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Television Review

In HBO's ‘Insecure,’ Issa Rae is winning even when she’s losing

Issa Rae stars in “Insecure,” a new HBO show based on her Web series “The Misadventures of Awkward Black Girl.”
Issa Rae stars in “Insecure,” a new HBO show based on her Web series “The Misadventures of Awkward Black Girl.”John P. Fleenor/HBO

I encounter it all the time, as a gay man. Someone is looking for a stylish shirt, or the toniest restaurant, and he or she will turn to ask me, openly assuming I’ll know. Because all urban gay men are up on chic culture, all gay men know where to shop and how to cook, all gay men are fabulously fashion-forward. To me, it’s not an insult, necessarily, so much as a misguided assumption based on media-bred stereotypes.

I am not a Bravo gay, as anyone who knows me, my wardrobe, and my favorite restaurants can confirm.

And Issa is not the black woman many of the people around her, black or white, expect. In her smart, charming new HBO comedy, “Insecure,” Issa Rae portrays a woman — also named Issa — who works with a group of white people at an LA nonprofit that enriches education for black kids. With what they feel is respect, Issa’s colleagues treat her as the big expert in all things black or black-ish. “They think I’m the token with all the answers,” Issa says in a voice-over, when one eagerly asks her the meaning of “on fleek.” She doesn’t like it, being boxed in, presumed upon, unknown behind the stereotypes, but she smiles — with tinges of passive-aggression on her lips — through it all.

At another point in the “Insecure” premiere, which airs Sunday at 10:30 p.m., Issa is addressing a group of grammar school students. A black girl asks her, “Why you talk like a white girl?,” a comment that gets big laughs from the other kids while it makes Issa squirm.

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But “Insecure” expands beyond Issa’s racial identity; it’s a lovely comedy about identity in general — romantic, professional, and sexual, as well as racial — and how to forge your own despite other people’s preferences. Developed by Rae and Larry Wilmore, based on Rae’s Web series “The Misadventures of Awkward Black Girl,” “Insecure” keeps these broad notions of self-realization alive in the background of the series, as a valuable context.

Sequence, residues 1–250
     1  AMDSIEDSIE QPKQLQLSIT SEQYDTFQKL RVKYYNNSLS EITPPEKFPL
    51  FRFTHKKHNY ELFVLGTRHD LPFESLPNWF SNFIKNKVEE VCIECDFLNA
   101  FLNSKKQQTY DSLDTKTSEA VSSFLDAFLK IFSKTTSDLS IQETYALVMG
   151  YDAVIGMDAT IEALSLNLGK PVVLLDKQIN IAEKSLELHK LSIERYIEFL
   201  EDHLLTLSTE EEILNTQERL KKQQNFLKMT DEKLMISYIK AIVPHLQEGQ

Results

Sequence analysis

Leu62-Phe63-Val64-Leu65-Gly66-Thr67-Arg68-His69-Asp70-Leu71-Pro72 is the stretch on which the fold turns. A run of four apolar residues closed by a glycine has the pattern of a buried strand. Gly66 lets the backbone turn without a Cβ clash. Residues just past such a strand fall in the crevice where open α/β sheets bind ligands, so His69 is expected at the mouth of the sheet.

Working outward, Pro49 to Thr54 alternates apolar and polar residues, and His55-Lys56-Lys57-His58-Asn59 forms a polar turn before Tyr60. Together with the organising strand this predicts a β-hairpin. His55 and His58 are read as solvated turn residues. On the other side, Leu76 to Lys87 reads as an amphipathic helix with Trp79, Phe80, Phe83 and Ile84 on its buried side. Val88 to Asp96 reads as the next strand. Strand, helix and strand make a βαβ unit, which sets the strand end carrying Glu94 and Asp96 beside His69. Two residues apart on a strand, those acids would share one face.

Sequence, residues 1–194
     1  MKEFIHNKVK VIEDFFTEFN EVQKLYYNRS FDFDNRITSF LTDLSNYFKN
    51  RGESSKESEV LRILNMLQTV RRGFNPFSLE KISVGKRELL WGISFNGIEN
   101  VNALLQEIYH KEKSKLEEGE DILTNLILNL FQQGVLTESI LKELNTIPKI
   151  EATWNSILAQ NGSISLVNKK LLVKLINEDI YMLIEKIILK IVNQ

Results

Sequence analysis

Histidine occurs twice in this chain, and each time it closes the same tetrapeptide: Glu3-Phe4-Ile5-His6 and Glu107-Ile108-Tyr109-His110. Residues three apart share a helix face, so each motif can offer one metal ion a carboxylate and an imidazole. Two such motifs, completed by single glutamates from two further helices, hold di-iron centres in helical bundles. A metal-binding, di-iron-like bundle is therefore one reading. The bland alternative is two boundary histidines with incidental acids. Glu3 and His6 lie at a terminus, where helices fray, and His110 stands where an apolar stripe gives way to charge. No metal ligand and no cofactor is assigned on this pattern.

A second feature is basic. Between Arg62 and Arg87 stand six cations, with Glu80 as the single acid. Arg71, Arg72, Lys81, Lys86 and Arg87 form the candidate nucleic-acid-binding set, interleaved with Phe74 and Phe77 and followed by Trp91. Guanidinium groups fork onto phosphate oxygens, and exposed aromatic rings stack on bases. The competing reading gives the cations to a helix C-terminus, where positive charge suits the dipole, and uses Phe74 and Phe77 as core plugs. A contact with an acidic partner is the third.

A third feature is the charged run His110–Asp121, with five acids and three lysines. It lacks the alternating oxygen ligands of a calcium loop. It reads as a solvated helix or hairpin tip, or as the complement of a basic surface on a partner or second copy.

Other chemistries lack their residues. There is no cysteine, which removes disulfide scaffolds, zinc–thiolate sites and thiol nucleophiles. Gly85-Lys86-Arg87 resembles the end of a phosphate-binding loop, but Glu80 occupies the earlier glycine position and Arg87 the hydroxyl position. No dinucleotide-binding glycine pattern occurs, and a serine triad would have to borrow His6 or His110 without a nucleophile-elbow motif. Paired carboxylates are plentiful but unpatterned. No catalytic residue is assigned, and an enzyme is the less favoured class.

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And then in the foreground, they give us the extremely specific and winning Issa, who is turning 29 in the premiere. Issa is dissatisfied with her life as she approaches 30, not just her patronizing workplace but her live-in boyfriend, Lawrence (Jay Ellis), who’s passive in all aspects of his life, including Issa. She wants to blossom, but she is, as the title has it, insecure. She doesn’t find making changes an easy process — who does? — which is why she delivers rapped, improvised affirmations to herself in the mirror on a regular basis.

Issa is far from a sad sack, in case I’m making her seem that way. She’s full of energy and good humor, which emerges repeatedly, including a freestyle rap at a nightclub about her friend’s broken body part — and romantic life — that had me laughing out loud. A montage in which Issa tries on different colors of lipstick — and the personalities that go with them — also cracked me up. She is an easy TV character to root for, with her bright and yet irony-tinged spirit. She is particularly funny with her best friend, Molly, a corporate attorney played with sharp wit by Yvonne Orji. Molly is more assertive than Issa, as she tries to find a boyfriend online, but she’s dealing with her own loneliness. Together, they’re too much fun to watch, with enough chemistry between them to create a fresh TV spin on the female buddy relationship.

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And what actually happens on “Insecure”? Not an awful lot, which is a virtue. Like “Louie,” “Atlanta,” and “Better Things,” the show operates more as a slice of life than as a plotted story. It’s an extraordinary portrait of an ordinary, relatable, and delightful person.

INSECURE

Starring Issa Rae, Yvonne Orji, Jay Ellis, Lisa Joyce. On HBO, Sunday at 10:30 p.m.


Matthew Gilbert can be reached at gilbert@globe.com. Follow him on Twitter @MatthewGilbert.